Silverstone urges fans to avoid car parks on Saturday

2012 British Grand Prix

Silverstone is taking the unprecedented step of asking some fans not to attend Saturday’s action at the track.

The circuit issued the following statement on their official Twitter account:

“We are dissuading fans from coming to the event tomorrow if you have a public car pass, those with [park and ride and] are camping will be fine.

“We will be refunding people with unused Friday and Saturday tickets the details of how to do this will be communicated to you early next week.”

Thousands of fans were left unable to get in after serious traffic problems at the circuit day following today’s heavy rain.

If you attended today’s session please share your experience of the traffic problems in the comments or in the Going to the British Grand Prix forum.

Update: Silverstone reiterated their warning in a statement sent by email:

“Silverstone are strongly advising fans with public car park passes for Saturday, not to come to Silverstone tomorrow (07 July).

“Unless spectators have pre-booked Park and Ride, have a hospitality ticket that includes parking in the centre of the circuit, or are already in local campsites and able to walk to the circuit, Silverstone strongly advises that you do not attend the qualifying day of the 2012 Formula 1 Santander British Grand Prix.

“Silverstone has had to take this action due to the fact that 50% of the public car parks have been lost, due to the severe weather conditions over the last weeks and, in particularly, the last 36 hours. Silverstone is doing everything possible to protect and preserve as many of the car parks ahead of Sunday.

“Fans will be refunded for any unused Friday or Saturday tickets. Full details on how this will be handled will be communicated early next week.”

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66 comments on Silverstone urges fans to avoid car parks on Saturday

  1. James_mc (@james_mc) said on 6th July 2012, 20:01

    I will accept that the rain this week has been (almost) unprecedented, but surely there should be more of a contingency plan such as a “reserve” of P&R places which could then be used by the aforementioned car parking ticket holders?

    • Prisoner Monkeys (@prisoner-monkeys) said on 7th July 2012, 0:06

      @james_mc – There is a reason why the rainfall across the midlands had been described as “unprecedented”. It’s because it’s without precedent. It’s all well and good for you to sit there with the benefit of hindsight and criticise the circuit for not having a contingency plan in place, but a week ago, nobody could have anticipated this once-in-a-generation event.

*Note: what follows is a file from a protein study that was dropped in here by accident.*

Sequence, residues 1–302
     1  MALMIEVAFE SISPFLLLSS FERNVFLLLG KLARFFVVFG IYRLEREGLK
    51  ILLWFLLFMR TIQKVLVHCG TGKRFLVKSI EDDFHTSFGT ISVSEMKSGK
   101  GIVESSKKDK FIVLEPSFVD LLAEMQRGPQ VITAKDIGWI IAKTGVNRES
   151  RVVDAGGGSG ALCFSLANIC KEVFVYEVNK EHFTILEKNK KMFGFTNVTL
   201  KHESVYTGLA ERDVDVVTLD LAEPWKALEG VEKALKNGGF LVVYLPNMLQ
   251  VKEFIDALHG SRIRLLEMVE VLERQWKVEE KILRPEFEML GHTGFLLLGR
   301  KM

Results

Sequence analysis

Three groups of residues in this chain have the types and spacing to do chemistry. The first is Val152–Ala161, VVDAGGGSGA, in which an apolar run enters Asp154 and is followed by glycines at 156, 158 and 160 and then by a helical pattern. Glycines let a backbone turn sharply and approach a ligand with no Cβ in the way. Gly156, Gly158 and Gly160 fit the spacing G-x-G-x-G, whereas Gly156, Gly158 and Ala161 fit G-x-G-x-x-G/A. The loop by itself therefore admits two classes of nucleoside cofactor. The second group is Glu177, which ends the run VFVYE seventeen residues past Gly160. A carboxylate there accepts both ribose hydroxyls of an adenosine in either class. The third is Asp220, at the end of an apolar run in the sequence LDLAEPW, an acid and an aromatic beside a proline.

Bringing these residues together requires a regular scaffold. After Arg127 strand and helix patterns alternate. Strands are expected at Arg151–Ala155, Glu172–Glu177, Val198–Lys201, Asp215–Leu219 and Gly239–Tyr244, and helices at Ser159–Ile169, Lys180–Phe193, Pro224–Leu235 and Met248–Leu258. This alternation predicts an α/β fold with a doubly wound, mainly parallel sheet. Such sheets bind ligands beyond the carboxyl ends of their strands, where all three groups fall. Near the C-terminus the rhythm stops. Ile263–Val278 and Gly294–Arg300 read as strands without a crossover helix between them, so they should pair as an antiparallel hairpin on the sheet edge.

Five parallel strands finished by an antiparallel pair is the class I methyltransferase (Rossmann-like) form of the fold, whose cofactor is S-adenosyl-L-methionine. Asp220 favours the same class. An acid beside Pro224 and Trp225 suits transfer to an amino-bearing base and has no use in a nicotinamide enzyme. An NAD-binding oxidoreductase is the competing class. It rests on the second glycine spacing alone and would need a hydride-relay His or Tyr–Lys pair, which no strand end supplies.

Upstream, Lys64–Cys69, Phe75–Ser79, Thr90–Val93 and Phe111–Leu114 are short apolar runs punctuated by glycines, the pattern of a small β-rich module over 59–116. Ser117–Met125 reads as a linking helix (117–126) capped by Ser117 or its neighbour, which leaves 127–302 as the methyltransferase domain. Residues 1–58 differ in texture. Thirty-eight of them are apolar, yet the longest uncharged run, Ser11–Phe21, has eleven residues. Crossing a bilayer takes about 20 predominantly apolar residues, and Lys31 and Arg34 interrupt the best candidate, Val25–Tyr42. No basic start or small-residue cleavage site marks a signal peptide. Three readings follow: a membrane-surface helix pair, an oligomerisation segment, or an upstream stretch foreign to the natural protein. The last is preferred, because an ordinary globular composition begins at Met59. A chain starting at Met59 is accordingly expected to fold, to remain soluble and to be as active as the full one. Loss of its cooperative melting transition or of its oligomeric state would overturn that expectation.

• Mike (@mike) said on 7th July 2012, 0:58

        Britain? Rain? I know right, unexpected as disappointment on the public transport system.

        :D I jest.

        James has a point though, however I expect Silverstone Authorities to learn from it.

        • Prisoner Monkeys (@prisoner-monkeys) said on 7th July 2012, 1:47

          They’ll no doubt make some changes for next year to prevent it from happening again – but there will still be the possibility of an unexpected weather event that renders even those facilities inadequate.

          • David Smith (@dsmith74) said on 7th July 2012, 9:30

            I thought they said they would prevent the fiasco happening again back in 2000, but I must have misheard.
            But back then they blamed the GP being held in April when it often rains, I’m guessing they did not find out on Thursday that it might be a wet weekend!

      • nickfrog (@nickfrog) said on 7th July 2012, 10:05

        Plenty of precedent. I was working there and stranded in 2000. Less than a generation ago. They haven’t learnt. Drainage is not some sort of incredibly modern technique that was discovered last year. Obviously it’s expensive to do it properly. Cheaper to refund punters.

      • James_mc (@james_mc) said on 7th July 2012, 11:25

        A GP meet is by far and away Silverstone’s biggest attendance of the year, I suspect the parking facilities provide by Silverstone have been designed to accommodate the significant increase in numbers over the weekend. While planning for this “worst-case” event of 80-100k visitors, contingency should have been made, should the carparks be flooded and this is something which only happened 12 years ago which occurred before the most recent raft of upgrades.